Although the First Department made a sweeping statement that is likely to be relied upon by policyholders, we believe that the holding must be viewed within the context of the facts of the case, where there was no evidence that the insurer anticipated litigation prior to issuing a disclaimer of coverage. In other words, we believe that the TransCanada holding, both at the trial court and appellate levels, restates well-settled New York law. An insurer that engages in-house or outside counsel to investigate the facts of a loss will, in most cases, be unable to shield those facts from discovery. In contrast, legal advice communicated by counsel to an insurer about the existence or non-existence of insurance coverage will, in the absence of waiver, remain shielded by the attorney-client privilege. Indeed, the trial court and First Department acknowledged that the insurers properly withheld certain documents during discovery pursuant to the attorney-client privilege, and that the date of the insurers’ disclaimers of coverage was irrelevant in determining whether the privilege applied.
Likewise, materials prepared in anticipation of litigation will remain shielded by work product immunity, provided, however, that litigation is anticipated by the insurer. The determination of whether work product immunity applies is a fact-intensive determination. In TransCanada, the insurers could not meet their burden to show that they anticipated litigation any earlier than their denial of coverage on June 2, 2010. The trial court expressly acknowledged that the determination of whether work product immunity applies is a fact-intensive matter, thereby leaving-open the possibility that pre-denial-of-coverage materials could be shielded by work product immunity. Therefore, it is our opinion that TransCanada does not necessarily establish a bright-line rule barring application of work product immunity before a denial of coverage. That being said, we anticipate that policyholders will argue that such a bright-line rule now exists.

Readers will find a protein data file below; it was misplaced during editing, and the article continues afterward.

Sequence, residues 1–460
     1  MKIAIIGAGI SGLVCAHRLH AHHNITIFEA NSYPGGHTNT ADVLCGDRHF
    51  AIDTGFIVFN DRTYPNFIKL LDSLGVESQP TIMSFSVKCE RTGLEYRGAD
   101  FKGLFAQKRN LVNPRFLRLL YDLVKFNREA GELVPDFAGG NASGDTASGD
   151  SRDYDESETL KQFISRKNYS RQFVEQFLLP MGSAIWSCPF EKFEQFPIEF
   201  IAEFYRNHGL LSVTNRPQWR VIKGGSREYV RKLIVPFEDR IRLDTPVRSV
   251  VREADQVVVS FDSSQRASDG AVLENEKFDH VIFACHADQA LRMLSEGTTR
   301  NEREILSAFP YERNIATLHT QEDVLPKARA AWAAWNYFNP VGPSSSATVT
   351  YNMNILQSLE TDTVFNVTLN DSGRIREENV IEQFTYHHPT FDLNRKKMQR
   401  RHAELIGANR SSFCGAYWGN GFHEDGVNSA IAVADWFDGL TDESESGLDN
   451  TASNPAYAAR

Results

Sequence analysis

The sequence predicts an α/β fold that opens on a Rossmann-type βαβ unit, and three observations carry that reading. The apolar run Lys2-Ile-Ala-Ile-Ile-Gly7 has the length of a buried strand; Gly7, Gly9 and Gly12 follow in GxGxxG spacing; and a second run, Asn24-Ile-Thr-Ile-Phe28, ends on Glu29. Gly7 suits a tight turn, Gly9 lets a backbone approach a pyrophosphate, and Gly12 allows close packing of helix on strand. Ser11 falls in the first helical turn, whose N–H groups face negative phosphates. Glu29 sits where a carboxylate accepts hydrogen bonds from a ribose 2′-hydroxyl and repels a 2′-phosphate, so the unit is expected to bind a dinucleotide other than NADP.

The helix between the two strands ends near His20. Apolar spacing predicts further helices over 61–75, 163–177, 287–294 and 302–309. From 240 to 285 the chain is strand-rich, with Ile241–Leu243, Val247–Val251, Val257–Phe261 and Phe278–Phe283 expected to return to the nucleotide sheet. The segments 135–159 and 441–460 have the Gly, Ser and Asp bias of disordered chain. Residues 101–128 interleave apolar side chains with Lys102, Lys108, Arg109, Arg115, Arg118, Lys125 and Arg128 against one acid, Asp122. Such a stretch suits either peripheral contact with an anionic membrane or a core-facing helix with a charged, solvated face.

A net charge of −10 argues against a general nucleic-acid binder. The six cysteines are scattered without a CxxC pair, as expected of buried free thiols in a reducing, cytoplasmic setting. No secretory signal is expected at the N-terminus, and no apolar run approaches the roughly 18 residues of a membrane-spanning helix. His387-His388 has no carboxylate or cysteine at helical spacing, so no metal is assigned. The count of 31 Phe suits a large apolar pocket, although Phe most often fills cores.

In response to demands for production of documents, insurers will bear the burden of establishing that litigation was reasonably anticipated. The key will be presenting courts with facts that support application of work product immunity and/or attorney-client privilege. In this regard, we recommend exercising caution when retaining counsel to investigate the facts of a loss. Factual materials gathered during counsel’s investigation will not necessarily fall within the purview of the work product doctrine or attorney-client privilege. Instead, courts will look to the function being performed by counsel. If counsel is performing a claim handling function, then insurers will have a more difficult time establishing that the work product doctrine or attorney-client privilege applies. In contrast, if counsel is communicating legal advice and facts determinative of such legal advice, e.g., in a coverage opinion, then insurers will have a much higher probability of success in showing that the attorney-client privilege or work product doctrine applies.
Finally, we note that the TransCanada case is binding authority upon courts sitting in the First Department. The decision is not binding upon, but may be persuasive to, courts sitting in other departments.